The Conservation Technology Information Center has just released a new report dealing with the “S” word. That would be sustainability and it’s no surprise that agricultural biotechnology will play a key role in this issue as farmers work to feed a growing world population. You can find an executive summary here.
Keeping agriculture environmentally sustainable while improving productivity is a growing challenge, and a new report shows that agricultural biotechnology is a key tool in overcoming it.
Biotech crops help growers around the world increase yields, improve crop quality and characteristics, and adopt sustainable farming practices such as conservation tillage — all vital to keeping up with the world’s growing demand for food, feed, fuel and fiber.
The booklet — “Facilitating Conservation Farming Practices and Enhancing Environmental Sustainability with Agricultural Biotechnology” — was developed by the Conservation Technology Information Center (CTIC) to dig deep into the data surrounding the adoption of biotech crops.
Among many important statistics, the document describes:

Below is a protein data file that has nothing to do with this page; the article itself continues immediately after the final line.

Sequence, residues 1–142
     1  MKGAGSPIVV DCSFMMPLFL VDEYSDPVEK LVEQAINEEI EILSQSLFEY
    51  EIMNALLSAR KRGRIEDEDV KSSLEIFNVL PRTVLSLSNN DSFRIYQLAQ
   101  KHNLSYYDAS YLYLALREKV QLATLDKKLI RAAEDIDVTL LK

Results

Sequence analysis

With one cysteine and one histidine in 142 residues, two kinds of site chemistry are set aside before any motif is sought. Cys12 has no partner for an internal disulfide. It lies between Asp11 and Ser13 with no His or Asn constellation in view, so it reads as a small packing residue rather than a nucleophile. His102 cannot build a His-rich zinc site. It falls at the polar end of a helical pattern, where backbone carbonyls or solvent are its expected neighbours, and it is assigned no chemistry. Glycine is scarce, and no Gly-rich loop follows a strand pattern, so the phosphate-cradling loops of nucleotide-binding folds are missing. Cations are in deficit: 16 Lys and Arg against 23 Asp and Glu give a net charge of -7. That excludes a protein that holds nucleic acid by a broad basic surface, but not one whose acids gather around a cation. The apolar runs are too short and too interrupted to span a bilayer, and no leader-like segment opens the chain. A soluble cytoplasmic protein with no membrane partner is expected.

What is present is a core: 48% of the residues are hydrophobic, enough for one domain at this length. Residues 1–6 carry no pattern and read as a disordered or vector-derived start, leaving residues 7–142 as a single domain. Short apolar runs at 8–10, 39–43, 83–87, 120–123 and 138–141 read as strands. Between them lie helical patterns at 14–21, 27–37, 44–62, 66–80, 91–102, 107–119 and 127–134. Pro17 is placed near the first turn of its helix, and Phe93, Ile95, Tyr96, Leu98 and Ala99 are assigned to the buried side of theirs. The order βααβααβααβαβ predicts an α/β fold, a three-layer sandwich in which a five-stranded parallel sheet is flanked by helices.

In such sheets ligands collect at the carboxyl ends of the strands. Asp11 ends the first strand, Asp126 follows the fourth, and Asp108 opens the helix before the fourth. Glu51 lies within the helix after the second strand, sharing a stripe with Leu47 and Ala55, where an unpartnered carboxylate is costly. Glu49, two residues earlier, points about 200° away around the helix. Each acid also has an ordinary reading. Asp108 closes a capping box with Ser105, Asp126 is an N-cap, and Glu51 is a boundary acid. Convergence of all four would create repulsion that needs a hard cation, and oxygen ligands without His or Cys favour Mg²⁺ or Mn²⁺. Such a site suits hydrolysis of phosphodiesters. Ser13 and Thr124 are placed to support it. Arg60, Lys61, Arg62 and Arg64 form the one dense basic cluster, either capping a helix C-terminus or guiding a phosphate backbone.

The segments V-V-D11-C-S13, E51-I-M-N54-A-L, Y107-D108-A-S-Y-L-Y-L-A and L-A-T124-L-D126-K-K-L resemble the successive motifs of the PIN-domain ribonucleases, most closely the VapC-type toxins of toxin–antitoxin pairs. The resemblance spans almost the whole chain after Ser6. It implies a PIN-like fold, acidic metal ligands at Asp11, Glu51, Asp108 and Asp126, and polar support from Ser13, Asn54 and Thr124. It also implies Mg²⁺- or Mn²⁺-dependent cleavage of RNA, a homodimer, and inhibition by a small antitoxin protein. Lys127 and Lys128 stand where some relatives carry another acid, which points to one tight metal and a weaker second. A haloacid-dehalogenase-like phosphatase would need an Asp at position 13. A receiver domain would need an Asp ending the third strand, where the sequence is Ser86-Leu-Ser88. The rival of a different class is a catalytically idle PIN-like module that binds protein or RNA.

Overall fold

The projected growth of the global population to 9 billion by 2040;
The 69-percent increase in no-till farming since the 1996 introduction of herbicide-resistant crops;
A drop in herbicide usage of 47.4 million pounds of active ingredient where herbicide-tolerant soybeans or cotton were planted in the U.S. in 2007;
The replacement of 8.67 million pounds of insecticide active ingredient in 2007 where U.S. growers planted insect-resistant cotton and corn varieties;
Reductions in soil loss of 90 percent or more, and reduced movement of phosphorus by more than 70 percent where no-till is used;
The capture of billions of pounds of greenhouse gases from the atmosphere in conservation-tilled soils across the U.S.
The new document is the latest in a vast library created by CTIC throughout its 25-year history as a repository for information on conservation farming practices.